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Advice for Sports Moms from a Sports Mom

Women, particularly the mothers who volunteer, are often the backbone of what makes a youth sports team work smoothly. Here's some advice to sports moms from a sports mom: o help make your child's sports experience more enjoyable, as well as your own, remember:

1. Turn off the ‘Commander Mode'

In general, moms:

  • make great team administrators/moms
  • are good at creating a warm, hospitable team environment (making sure each player gets a snack or making a new family feel welcome, etc.) and
  • are good at nurturing, teaching and encouraging children to do their best. 

Unfortunately, as with dads, when it comes to their own child's sports team, a mom's greatest strengths can become weaknesses that can cause problems for her child and his/her coach.

Moms are used to multi-tasking and taking control to get their long ‘to-do list' completed. We can often get into the agenda mode so much so that it might be difficult for some of us to turn off the "Commander Mode" attitude.

The best thing a multi-tasking sports mom can do to support her child in youth sports is:

  • To allow the coaches to take charge of all aspects of practice and games.
  • Not to hover  around the bench area distracting kids with well meaning advice,
  • Not to bring snacks and drinks outside of scheduled breaks.
  • Sit in the stands clapping, rather than tapping their child on the shoulder every five minutes.

2. Don't "baby"

God gave women big, soft hearts for a reason. Kids need nurturing to feel safe in the world. Kids are usually (but not always) in good hands when coaches are running the show.

  • Kids, especially boys, do not need or want their mom babying them during a game or after the game.
  • They also do not want their mom running out on the field if they get hurt. Wait for the coach to call you to the bench before approaching your child.
  • Express your faith in your child's abilities by letting him/her stand on his/her own.  Believe it or not, boys get embarrassed if their mom's baby them in front of their teammates.
  • Save the hugs for home. They won't have a problem with that!

3.  Don't gossip, especially about the coach

If you get enough people together, chances are that there will be at least one social butterfly in the bunch. Friendly, inviting personalities make everyone feel welcome, and they keep everyone in the communication loop. Often, the social butterfly ends up being the Team Mom. If there is a question, the Team Mom or other parents discuss issues with each other instead of the coach. Usually this is not a problem, but it is important to understand that this scenario can lead to problems when the talk is about the coach.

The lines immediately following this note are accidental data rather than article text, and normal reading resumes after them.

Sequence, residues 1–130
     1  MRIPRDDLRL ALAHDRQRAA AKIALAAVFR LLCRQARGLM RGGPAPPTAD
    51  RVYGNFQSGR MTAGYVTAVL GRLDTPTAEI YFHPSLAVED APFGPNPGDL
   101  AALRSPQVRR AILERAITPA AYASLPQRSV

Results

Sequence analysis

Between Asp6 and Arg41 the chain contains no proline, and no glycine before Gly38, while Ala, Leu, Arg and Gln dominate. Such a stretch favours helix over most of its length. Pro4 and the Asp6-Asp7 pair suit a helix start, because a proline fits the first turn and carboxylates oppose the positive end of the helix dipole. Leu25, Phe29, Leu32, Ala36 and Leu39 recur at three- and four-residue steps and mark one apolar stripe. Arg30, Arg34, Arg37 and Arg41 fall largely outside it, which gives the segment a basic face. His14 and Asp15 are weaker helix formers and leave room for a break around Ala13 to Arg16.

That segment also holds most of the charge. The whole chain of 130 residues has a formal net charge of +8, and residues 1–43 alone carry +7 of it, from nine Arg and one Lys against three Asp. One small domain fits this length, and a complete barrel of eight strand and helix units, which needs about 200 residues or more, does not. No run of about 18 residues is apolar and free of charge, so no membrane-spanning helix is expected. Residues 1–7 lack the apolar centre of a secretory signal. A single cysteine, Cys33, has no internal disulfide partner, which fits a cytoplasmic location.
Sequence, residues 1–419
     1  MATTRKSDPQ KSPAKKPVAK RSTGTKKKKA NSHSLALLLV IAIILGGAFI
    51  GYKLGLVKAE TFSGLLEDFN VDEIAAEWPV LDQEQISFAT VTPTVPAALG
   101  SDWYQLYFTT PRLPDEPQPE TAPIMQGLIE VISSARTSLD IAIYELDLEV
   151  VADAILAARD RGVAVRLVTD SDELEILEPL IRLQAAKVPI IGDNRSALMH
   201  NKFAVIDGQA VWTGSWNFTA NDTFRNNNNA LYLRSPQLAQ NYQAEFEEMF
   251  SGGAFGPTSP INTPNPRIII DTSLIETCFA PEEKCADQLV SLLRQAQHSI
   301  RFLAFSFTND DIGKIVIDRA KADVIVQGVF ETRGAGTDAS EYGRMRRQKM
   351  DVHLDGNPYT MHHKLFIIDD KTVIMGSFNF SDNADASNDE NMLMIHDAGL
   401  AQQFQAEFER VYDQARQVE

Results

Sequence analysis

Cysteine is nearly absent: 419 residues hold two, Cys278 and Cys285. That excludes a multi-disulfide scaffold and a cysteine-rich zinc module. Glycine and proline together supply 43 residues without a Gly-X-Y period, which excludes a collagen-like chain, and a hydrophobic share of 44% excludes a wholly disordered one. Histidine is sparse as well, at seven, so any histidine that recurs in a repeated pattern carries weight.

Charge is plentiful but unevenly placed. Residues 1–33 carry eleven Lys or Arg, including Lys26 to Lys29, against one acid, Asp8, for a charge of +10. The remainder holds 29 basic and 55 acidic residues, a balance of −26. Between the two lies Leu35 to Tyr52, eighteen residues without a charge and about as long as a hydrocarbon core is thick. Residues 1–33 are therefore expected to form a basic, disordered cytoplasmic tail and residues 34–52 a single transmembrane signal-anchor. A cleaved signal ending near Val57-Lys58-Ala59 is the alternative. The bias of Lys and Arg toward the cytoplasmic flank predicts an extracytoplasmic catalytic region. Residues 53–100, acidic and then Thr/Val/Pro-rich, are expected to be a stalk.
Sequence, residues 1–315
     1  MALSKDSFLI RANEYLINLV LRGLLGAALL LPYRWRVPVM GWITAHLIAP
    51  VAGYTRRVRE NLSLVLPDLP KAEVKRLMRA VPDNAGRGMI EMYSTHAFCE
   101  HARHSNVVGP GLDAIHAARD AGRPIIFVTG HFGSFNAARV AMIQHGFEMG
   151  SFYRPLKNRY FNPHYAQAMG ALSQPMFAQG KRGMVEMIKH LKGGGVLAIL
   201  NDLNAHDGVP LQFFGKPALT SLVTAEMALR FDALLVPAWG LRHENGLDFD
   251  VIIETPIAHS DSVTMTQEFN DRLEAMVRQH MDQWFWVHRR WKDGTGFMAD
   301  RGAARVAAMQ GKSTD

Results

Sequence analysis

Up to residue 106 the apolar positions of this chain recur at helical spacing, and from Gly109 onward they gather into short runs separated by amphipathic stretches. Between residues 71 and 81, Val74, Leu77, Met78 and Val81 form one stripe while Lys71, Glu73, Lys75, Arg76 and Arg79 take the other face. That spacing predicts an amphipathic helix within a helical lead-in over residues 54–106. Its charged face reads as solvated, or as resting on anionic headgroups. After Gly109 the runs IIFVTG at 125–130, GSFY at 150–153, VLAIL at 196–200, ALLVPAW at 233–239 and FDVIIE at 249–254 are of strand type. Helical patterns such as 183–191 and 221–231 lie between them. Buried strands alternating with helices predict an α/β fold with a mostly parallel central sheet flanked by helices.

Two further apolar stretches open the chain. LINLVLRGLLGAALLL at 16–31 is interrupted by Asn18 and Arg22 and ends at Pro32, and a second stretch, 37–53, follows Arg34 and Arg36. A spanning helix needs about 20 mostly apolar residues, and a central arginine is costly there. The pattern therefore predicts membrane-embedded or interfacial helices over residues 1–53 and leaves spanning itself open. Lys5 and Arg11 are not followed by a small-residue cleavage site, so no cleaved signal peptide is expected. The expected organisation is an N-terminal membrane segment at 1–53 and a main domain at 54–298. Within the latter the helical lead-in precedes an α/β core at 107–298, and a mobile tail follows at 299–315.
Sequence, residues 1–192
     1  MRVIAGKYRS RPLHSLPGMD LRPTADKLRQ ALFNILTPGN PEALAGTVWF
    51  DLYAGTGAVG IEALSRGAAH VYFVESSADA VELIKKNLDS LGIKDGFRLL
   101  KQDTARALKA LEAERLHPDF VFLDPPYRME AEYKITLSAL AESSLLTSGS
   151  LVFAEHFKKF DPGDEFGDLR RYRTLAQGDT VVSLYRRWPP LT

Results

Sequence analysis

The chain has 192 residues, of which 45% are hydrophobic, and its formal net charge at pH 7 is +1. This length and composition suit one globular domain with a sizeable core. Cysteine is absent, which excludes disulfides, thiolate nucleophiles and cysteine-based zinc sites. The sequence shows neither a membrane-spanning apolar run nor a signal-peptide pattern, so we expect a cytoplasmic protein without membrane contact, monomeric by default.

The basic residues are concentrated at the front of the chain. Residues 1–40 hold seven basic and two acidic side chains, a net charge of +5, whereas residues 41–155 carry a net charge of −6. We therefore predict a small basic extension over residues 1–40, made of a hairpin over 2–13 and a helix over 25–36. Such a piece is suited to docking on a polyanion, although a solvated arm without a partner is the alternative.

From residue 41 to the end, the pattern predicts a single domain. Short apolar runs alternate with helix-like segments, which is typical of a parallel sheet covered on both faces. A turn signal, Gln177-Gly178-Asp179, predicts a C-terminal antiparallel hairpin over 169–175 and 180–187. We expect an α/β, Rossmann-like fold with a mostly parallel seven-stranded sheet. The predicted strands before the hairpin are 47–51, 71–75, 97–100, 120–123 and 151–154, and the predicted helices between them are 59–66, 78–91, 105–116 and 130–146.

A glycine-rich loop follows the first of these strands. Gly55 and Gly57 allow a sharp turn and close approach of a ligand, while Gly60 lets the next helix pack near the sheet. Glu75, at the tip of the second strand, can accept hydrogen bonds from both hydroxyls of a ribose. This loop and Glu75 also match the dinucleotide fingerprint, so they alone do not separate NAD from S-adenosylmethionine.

So, let's get this subject out in the open now! A common error to be aware of and avoid is a tendency to gossip. Even though gossiping is most often associated with women, men are often guilty of gossiping too, even if it takes a different form.  A man's gossip usually starts out as "game analysis" and soon morphs into critiquing play calling, substitutions, playing time or the way the coach runs practices.  Such critiquing can create a judgmental negativity that is really no better than gossip.

Gossip (opinion stated as fact) sours what should be a fun and encouraging atmosphere. At the extreme, gossip can spread negativity like a fire out of control. Usually, the gossip centers on the coach, but it can also be about other kids or other parents. Stay away from this form of communication. Remember, youth sports should be child- not adult-centered. Gossiping is a "parent" centered activity that harmfully erodes the entire experience for the kids.

4. Encourage, don't nag

Every kid loves to hear the cheers from the crowd. To hear the words, "good job" and "you can do it" is music to kids' ears. The music can turn into noise with a few ill placed words. Here is an example of an encouraging statement: "You can do it, way to go!" A kid can hear that statement fifteen times in one game and not be bothered.

But encouragement can easily turn into nagging.  Consider these statements:

  • "Hold your bat straight"
  • "Hustle"
  • "Stay between your man and the basket"
  • "Pass it!"
How would you like to hear those statements fifteen times in one hour? Well meaning, corrective advice needs to come from the coach. Let your child know you are proud of his/her effort and don't coach from the sideline.

5. Become a coach

All too often, mothers end up accepting the traditional roles that the youth sports culture still assigns them as team administrators, concession stand workers, and fans. 

If you want to really make a difference in youth sports, take a leadership role by coaching a team, especially a girls team.

  • Women are the best one's to teach girls how to be strong and able.
  • Girls need women role models in all areas of life. Athletics is one of those areas.
  • Sport are a great place for girls to learn they can do anything they set their minds to do. Success in sports early in life can give a girl the confidence she needs to make better decisions later in life regarding friends, boyfriends and career. Who better to guide and develop these skills than a Mom?

Debbie Lantz is a veteran single sports mom with a passion for empowering women to make a difference in youth sports. To find out more ways moms can make a difference, check out her book,  I Just Want To Play, which can be ordered on her website by clicking here.

Updated April 21, 2011

 

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